AMR 36/058/2004 Public Document
AMNESTY INTERNATIONAL INTERNATIONAL LEGAL NETWORK
Take immediate action
Human rights defenders at risk: Rénan Hédouville and other members of CARLI, and lawyer Mario Joseph.
Lawyers Rénan Hédouville and Mario Joseph, who have worked on behalf of those who suffered human rights abuses at the hands of the army while Haiti was under military rule, have been receiving numerous anonymous telephone death threats. Amnesty International believes both men’s lives are in danger. M. Hédouville has reported the threats repeatedly to the media and the authorities, but nothing has been done to protect him.
Rénan Hédouville is Secretary-General of the Comité des Avocats pour le Respect des Libertés Individuelles (CARLI), Lawyers’ Committee for the Respect of Individual Liberties. He has been told that he will be killed unless he stops his work defending human rights and accusing former army officers of human rights violations.
CARLI is an active human rights organization that documents and investigates human rights violations via a telephone “hotline”. In August 2004 it protested publicly after a jury acquitted former paramilitary leader Louis Jodel-Chamblain and senior ex-military police officer Jackson Joanis of the September 1993 murder of pro-democracy activist Antoine Izméry. Izméry had been a prominent supporter of former president Aristide.
Mario Joseph is currently representing prominent supporters of ex-president Aristide’s Famille Lavalas party, who have recently been imprisoned without charge. He has received numerous death threats because of this. As a lawyer working for the Bureau des Avocats Internationaux (BAI), International Lawyers Office, he defended and assisted victims of human rights abuses committed under the military government of 1991 to 1994; notably parents of victims of the April 1994 Raboteau massacre, a joint military and paramilitary operation attack on a shanty town where support for Aristide was strong, in which an estimated 20 people were killed.
Jean-Bertrand Aristide, the first democratically elected president of Haiti, was overthrown in a 1991 coup by military leaders. Thousands of his supporters were murdered over the three years of military rule that ended with US military intervention in 1994, that restored Aristide to power. He was re-elected in 2000.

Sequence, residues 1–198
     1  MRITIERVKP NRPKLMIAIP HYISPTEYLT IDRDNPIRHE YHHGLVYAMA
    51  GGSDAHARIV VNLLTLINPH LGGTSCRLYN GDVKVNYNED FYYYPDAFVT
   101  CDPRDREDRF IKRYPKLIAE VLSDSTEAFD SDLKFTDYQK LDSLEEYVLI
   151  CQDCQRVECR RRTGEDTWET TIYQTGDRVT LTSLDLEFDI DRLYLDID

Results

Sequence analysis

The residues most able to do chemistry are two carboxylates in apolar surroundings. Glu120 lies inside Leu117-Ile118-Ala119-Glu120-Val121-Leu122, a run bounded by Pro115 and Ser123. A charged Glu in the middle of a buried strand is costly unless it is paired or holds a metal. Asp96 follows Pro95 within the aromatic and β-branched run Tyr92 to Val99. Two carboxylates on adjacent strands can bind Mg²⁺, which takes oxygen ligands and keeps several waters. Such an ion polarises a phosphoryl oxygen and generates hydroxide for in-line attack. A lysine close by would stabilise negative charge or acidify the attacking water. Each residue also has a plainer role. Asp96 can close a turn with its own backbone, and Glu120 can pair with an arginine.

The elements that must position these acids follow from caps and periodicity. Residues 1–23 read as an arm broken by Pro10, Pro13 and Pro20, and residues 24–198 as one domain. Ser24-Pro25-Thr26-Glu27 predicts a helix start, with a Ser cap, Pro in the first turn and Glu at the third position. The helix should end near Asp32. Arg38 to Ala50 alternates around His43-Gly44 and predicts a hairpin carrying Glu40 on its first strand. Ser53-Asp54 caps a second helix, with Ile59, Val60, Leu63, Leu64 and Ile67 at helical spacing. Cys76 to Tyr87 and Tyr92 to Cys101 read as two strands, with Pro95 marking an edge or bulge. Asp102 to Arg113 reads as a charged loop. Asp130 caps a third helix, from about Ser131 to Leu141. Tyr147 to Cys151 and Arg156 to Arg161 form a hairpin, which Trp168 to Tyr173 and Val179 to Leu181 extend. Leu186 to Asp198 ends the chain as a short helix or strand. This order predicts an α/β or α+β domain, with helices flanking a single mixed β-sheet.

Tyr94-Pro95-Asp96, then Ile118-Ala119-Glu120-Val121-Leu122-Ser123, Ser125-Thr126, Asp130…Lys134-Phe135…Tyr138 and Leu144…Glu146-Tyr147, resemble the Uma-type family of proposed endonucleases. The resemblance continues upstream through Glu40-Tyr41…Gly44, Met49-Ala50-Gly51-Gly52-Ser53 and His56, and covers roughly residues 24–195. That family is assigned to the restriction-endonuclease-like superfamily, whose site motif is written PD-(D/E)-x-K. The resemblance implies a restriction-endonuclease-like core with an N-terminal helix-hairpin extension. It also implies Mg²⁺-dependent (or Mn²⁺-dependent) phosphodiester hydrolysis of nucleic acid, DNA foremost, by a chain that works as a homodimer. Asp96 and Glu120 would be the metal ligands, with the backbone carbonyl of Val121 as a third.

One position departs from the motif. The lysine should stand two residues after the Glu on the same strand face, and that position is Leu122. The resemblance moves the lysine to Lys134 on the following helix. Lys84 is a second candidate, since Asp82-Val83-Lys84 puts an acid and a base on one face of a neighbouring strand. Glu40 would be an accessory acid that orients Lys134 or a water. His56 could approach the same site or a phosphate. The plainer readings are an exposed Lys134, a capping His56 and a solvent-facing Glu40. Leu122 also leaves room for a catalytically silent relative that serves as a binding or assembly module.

In February 2004, after months of unrest and demonstrations, conflict broke out in the country’s fourth largest town, Gonaïves, when armed opponents of the government and former soldiers attacked police stations and courthouses, forcing the police and local authorities to flee. The conflict spread throughout the country and Aristide left the country in disputed circumstances. A transitional government was formed in early March, but the atmosphere of lawlessness that followed Aristide’s departure remains.
Despite the presence of United Nations forces, a large number of armed groups are active throughout the country, including former military forces and militias loyal to former President Aristide. Heavily armed remnants of the Haitian Army, disbanded by Aristide, are now allegedly patrolling the streets of the capital, Port-au-Prince, saying they intend to “secure” the city.
RECOMMENDED ACTION FOR ALL INTERNATIONAL LEGAL NETWORK MEMBERS
1. Write a letter to the Director General of the Haitian National Police, sending copies to the Minister of Justice and Public Security
All International Legal Network members are requested to send a letter in their capacity as lawyers to the Director General of the Haitian National Police along the lines of the model letter below. Members may use the standard letters in the word files below and simply amend their details before printing out. Members are also requested to send a copy of the letter to the Minister of Justice and Public Security. Members are requested to keep a copy of their letter for their own records, in case further action is required on this case. See the address list below for addresses, fax numbers and, where available, email addresses.
2. Contact your local Bar Association asking them to support this action